Any chef will tell you that one of the most important ingredients in a well-stocked kitchen is a steady supply of good, high-quality chicken stock, on hand at all times to go into dishes from soups to sauces.
Most traditional chicken stock recipes call for cut-up chicken carcasses added with vegetables and water, then simmered for eight hours or more. Many restaurants simmer their stock overnight and have a stockpot going 24 hours. The long slow simmering extracts flavor from bones without making the stock bitter, which happens if the stock is boiled. Here in Alaska, for many of us, simmering something on the stove for eight hours or more can mean heavy propane use. For those who live like I do, flying in a 100-pound bottle of propane, unloading it from the airplane, hauling it up to the house — and doing the reverse when the bottle is empty — makes some styles of cooking impractical.
I have two chicken stock recipes to recommend for those conserving energy. These are great recipes for other reasons as well, like good flavor and time management. The first involves chicken wings, and the second involves a pressure cooker.
Chef Jean Georges Vongerichten is somewhat of a hero of mine. He grew up in a part of France that I admire. He worked at the Oriental Hotel in Bangkok where I spent many a childhood Saturday ordering gourmet burgers with Swiss cheese. He has successful restaurants around the world, and he writes good cookbooks.
In Vongerichten’s cookbook “Simple to Spectacular”, there is a recipe for a one-hour chicken stock. It basically requires:
- 1/2 of an onion
- 4 cloves
- 2 pounds of chicken wings, cut up
- 1 medium carrot, peeled and chopped
- 1/2 of a celery stalk, chopped
- 1/2 of a leek, chopped
- 4 cloves of garlic
- A bay leaf
- A small handful of peppercorns
- Some thyme
Stick the cloves into the onion, throw it and all the other ingredients into a large saucepan, and cover with 6 cups of water. Bring the mixture to a boil, then lower the heat and simmer for an hour. Skim any scum (it’s just protein, but it makes the stock cloudy) that accumulates on the surface. Vongerichten explains that the best chicken stock should taste like meat, not bones, and using chicken wings offers an efficient combination of both of those. Put the cooled stock in the fridge and skim off the fat that solidifies on the top. The stock will stay good for 3 days. It will stay good even longer if you bring it to a boil every three days. Or, you can freeze it.
The second stock-making tip is not so much a recipe as a technique — using a pressure cooker. Pressure cooking the chicken-wing and vegetable combination will reduce the time necessary for making delicious chicken stock to 30 minutes.
Every pressure cooker operates a little bit differently and this is one device that you should read through the instructions carefully and hang onto them. Basically, use the same ingredients as above and put them into a pressure cooker. Seal the pot and bring it up to 15 pounds of pressure. A key point in making stock is to not fill the pressure cooker more than half or two-thirds full, so there is plenty of room to generate steam.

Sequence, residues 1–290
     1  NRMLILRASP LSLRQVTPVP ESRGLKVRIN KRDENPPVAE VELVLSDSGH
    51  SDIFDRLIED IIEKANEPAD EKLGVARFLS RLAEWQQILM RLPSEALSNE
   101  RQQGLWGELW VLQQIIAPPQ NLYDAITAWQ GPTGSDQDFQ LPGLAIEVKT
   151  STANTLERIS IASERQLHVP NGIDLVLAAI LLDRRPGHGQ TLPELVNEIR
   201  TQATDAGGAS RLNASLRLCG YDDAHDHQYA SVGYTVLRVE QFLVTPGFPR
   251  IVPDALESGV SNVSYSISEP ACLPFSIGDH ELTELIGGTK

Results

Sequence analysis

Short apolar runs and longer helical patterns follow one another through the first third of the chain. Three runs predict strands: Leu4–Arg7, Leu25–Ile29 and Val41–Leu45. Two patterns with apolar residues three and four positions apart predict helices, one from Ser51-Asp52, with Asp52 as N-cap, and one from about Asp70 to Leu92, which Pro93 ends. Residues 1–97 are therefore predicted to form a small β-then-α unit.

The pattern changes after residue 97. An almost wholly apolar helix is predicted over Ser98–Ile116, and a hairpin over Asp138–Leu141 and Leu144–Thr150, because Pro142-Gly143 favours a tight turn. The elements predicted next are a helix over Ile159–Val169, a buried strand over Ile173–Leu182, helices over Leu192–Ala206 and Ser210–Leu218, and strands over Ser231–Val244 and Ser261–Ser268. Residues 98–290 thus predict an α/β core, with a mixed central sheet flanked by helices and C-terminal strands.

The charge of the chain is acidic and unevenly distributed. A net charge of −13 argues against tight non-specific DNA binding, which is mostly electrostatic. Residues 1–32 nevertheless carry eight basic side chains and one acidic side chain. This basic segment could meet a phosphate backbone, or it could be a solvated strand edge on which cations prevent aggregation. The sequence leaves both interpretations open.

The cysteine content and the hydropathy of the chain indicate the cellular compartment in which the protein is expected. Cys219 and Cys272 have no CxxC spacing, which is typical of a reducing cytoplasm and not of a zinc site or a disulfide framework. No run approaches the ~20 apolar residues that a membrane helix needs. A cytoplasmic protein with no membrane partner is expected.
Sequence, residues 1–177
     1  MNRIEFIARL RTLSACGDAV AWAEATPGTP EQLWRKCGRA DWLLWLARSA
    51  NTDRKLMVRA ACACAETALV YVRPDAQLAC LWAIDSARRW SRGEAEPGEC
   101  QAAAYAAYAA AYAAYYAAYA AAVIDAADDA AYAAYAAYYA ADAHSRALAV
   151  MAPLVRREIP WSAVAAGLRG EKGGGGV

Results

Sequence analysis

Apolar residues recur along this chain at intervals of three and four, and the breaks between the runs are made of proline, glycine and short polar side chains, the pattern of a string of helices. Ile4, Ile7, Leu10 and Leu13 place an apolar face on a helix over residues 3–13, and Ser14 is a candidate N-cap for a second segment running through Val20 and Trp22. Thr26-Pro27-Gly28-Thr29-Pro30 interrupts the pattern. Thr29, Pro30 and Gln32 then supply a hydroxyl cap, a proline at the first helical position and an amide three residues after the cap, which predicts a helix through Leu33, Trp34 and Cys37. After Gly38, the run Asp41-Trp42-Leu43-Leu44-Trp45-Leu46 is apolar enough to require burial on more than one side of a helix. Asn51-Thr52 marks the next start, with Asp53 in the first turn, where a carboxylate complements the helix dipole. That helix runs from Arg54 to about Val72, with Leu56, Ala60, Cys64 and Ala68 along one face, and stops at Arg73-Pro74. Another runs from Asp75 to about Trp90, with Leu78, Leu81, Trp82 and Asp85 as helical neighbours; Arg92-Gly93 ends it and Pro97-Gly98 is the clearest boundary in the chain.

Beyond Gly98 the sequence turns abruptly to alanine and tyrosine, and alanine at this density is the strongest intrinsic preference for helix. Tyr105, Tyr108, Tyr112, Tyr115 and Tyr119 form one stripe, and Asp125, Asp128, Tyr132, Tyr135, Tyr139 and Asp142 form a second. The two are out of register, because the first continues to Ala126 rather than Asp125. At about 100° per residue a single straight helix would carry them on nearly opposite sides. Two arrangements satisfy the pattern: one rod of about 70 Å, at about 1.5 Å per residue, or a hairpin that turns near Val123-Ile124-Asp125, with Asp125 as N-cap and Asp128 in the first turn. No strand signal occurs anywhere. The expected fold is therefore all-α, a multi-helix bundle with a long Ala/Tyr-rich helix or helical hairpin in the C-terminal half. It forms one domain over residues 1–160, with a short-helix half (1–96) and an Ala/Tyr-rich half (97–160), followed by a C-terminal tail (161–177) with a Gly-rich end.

Reduce the heat on the stove after pressure is achieved to just maintain that 15 pounds of pressure. It might sound complicated, but it really isn’t. After 15 minutes, turn off the heat and let the pressure cooker cool gradually (versus turning the valve to release the steam all at once). Remove the lid from the cooker carefully, and only after the pressure button has released (on my model, it’s a little red button).
To make a richer, deeper stock, you can brown the chicken wings first. Coat the wings in a little extra-virgin olive oil, place them into a roasting pan. Roast in a high-heat oven for about 45 minutes. Then add in the rest of the vegetables and herbs and cook for about 20 minutes more. Add the browned wings and vegetables to six cups of water on the stove, bring to a boil, then simmer for 30 minutes. This is called “jus rôti” in culinary vernacular.
To make an ultra-rich stock, add in half a pound of prosciutto or dry-cured ham cut up into the roasting wings . Add the vegetables after 40 minutes, then cook it all for an additional 20 minutes. Then, add all of this to one batch of the one-hour stock above and simmer for about 30 minutes more. Strain. This is called “fond riche”.
- 1 pound boneless chicken breasts, cubed
- 1 teaspoon cumin
- ½ teaspoon cardamom
- Salt and freshly ground pepper to taste
- 2 cups chicken stock
- 1 cup couscous
- ¼ cup raisins
- 2 tablespoons chili paste or harissa
- Olive oil
- 8 ounces zucchini, washed and slice
- 1 cup cooked chickpeas
- 1 large tomato, diced
- ½ cup shredded fresh mint
- In a medium bowl, combine the chicken, cumin and cardamom. Season with a little salt and pepper.
- Bring 1 and ½ cups of the chicken stock to a boil over medium heat in a saucepan.
- In a medium bowl, add together the couscous, raisins, and 1 tablespoon of the chili paste, ⅓ cup olive oil, and season with salt and pepper. Pour the hot stock over the couscous and stir. Cover the bowl with plastic wrap and set aside.
- Into a large skillet, pour in just enough olive oil to coat the bottom of the pan. Turn the heat to high. Add in the chicken and cook until the chicken is brown, just a couple of minutes.
- Add in the zucchini and toss. Stir in the chickpeas, the remaining chili paste and the remaining stock. Add in the tomato.
- Bring the mixture to a brief boil, then turn down the heat and simmer for a couple of minutes.
- Season with salt and pepper to taste. Serve the chicken mixture on top of the couscous and garnish with plenty of fresh mint.
With a big batch of chicken stock on hand, I’ve decided to make a favorite North African dish that is also an easy weeknight meal.